Gardening Planting By The Moon Signs

Planting By The Signs For August 2010

My summer garden is winding down. I do believe it’s the best garden we’ve ever had. The lack of rain has almost completely dried up the big garden we share with Granny and Pap-but our smaller one here at home has benefited from our watering cans.

With the heat continuing to soar-it’s hard to think about getting ready for the fall garden-but before we know it-those cooler temps will start sliding in and I’ll be thinking of spicy radishes, stewed turnips, and greens. Our garden has been so successful this year-I’m going to continue my planting by the signs venture with my fall garden too.

Granny has already planted her mustard greens and turnips. I said Granny isn’t it a little early? She said well I planted them too late last year so this year I figured I’d plant them too early and come out even. Who knows-maybe her logic will work.

Since Hometown Seeds sponsored the Blind Pig garden this year-I was able to plant a few new things-that I’d never tried before. Hearing Pap talk about the type of squash his Mother grew when he was a child made me want to try a variety of squash that would have a longer shelf life.

I planted Hometown Seeds-Winter Squash Green Hubbard. It seemed to take them forever to get started-but now they’re growing like crazy. The vines have twined all over the garden-and the yard-till they look like some kind of alien invasion. Seriously the squash are as big as watermelons. So now I’m wondering what to do with them-how do I store them-how do I cook them? If you have any tips on green hubbard squash I’d love to hear them.

What was the strangest thing you grew this summer?

Tipper

 

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25 Comments

  • Reply
    Becky
    August 10, 2010 at 11:10 am

    I’ve never heard of it either.
    So I’m curious, be sure to post about it.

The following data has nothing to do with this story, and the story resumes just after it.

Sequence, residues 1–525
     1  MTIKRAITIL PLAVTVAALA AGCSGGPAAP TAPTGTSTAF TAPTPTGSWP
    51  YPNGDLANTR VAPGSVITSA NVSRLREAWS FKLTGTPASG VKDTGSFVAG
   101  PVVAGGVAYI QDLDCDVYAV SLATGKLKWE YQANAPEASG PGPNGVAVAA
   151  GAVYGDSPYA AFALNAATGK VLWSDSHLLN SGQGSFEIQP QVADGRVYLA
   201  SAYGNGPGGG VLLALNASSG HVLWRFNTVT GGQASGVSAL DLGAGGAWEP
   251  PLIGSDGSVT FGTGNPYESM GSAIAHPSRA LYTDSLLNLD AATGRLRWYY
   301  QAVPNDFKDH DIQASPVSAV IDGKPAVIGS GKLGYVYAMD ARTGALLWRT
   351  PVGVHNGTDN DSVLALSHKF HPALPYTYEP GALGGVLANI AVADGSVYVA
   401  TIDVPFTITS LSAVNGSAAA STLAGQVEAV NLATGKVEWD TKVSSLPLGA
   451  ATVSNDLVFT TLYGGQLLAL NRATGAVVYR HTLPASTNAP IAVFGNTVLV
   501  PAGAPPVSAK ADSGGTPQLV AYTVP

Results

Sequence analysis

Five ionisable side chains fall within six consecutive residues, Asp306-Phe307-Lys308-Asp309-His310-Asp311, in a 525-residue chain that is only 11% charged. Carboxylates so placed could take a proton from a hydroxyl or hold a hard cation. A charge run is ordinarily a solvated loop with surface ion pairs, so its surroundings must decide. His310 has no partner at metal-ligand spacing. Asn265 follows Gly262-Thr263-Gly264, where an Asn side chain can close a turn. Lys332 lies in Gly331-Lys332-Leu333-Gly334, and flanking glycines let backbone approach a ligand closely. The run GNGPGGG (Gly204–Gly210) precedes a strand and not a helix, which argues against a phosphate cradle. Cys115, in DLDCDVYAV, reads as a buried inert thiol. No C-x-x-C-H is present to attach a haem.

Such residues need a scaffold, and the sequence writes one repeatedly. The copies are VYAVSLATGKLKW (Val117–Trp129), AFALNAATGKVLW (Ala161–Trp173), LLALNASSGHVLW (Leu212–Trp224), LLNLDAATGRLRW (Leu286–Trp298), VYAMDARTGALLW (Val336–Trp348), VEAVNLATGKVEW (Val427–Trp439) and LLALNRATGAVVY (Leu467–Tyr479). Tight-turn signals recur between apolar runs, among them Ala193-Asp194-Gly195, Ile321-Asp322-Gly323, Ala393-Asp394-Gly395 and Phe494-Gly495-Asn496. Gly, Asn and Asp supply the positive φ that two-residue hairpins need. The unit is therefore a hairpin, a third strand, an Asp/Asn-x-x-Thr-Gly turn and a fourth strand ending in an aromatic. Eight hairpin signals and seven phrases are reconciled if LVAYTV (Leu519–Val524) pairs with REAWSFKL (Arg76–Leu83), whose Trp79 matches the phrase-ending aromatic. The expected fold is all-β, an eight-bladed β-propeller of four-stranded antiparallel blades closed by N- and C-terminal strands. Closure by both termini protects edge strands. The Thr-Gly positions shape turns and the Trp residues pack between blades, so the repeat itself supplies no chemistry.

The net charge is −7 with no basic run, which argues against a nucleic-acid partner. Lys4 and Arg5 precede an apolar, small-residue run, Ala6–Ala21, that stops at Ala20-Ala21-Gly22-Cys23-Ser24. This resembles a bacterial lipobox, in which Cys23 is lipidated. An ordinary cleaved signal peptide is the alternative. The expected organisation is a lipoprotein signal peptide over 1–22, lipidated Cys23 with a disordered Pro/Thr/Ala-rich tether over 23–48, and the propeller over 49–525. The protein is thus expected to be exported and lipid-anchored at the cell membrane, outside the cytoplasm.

We have those alien pods growing up out of the compost pile again.

  • Reply
    Vera Guthrie
    August 8, 2010 at 9:09 pm

    For the first time Jack (my husband) and I planted Butternut Squash, Spaghetti Squash, and Acorn Squash 4 plants of each. They did really well. We harvested about 35 of each. I gave them away and cooked and froze and cooked and ate some. All are good. I will plant them again I am now more prepared for what one plane will yeild!!! It also gave me the idea of our local Civic Club starting a Farmer’s Market.

  • Reply
    Nancy M.
    August 7, 2010 at 8:56 pm

    I’m really glad to hear your garden did so well. With all the heat ours didn’t do so well!

  • Reply
    Rachelle
    August 7, 2010 at 12:29 am

    Thanks Tipper for the August planting sign calendar, Never planted this type of squash before, we have spaghetti squash tons of them, never raised them before so we are anxious to see how they do!!!!! I really really enjoy this blog Tipper, Keep up the GREAT work!!!!

  • Reply
    daniela
    August 6, 2010 at 8:58 pm

    I have never even heard of hubbard squash. Sounds interesting. This is my first year with a garden, so I’m just impressed that I got tomatoes to grow..haha

  • Reply
    Fishing Guy
    August 6, 2010 at 7:41 pm

    Tipper: I have seen them at the fair and they can grow mighty big.

  • Reply
    Osagebluffquilter
    August 6, 2010 at 10:45 am

    I have never had a Hubbard squash. Let us know how you fix it.
    The weirdest thing we grew this year? Our first garden I guess. I ahve canned so many tomoatoes, salsa, green beans. WE’ve eaten tons of cucubmers, patty pan squash, onions, radishes and fresh lettuce.
    We did have some heirloom tomatoes too. The plants were a gift from a friend.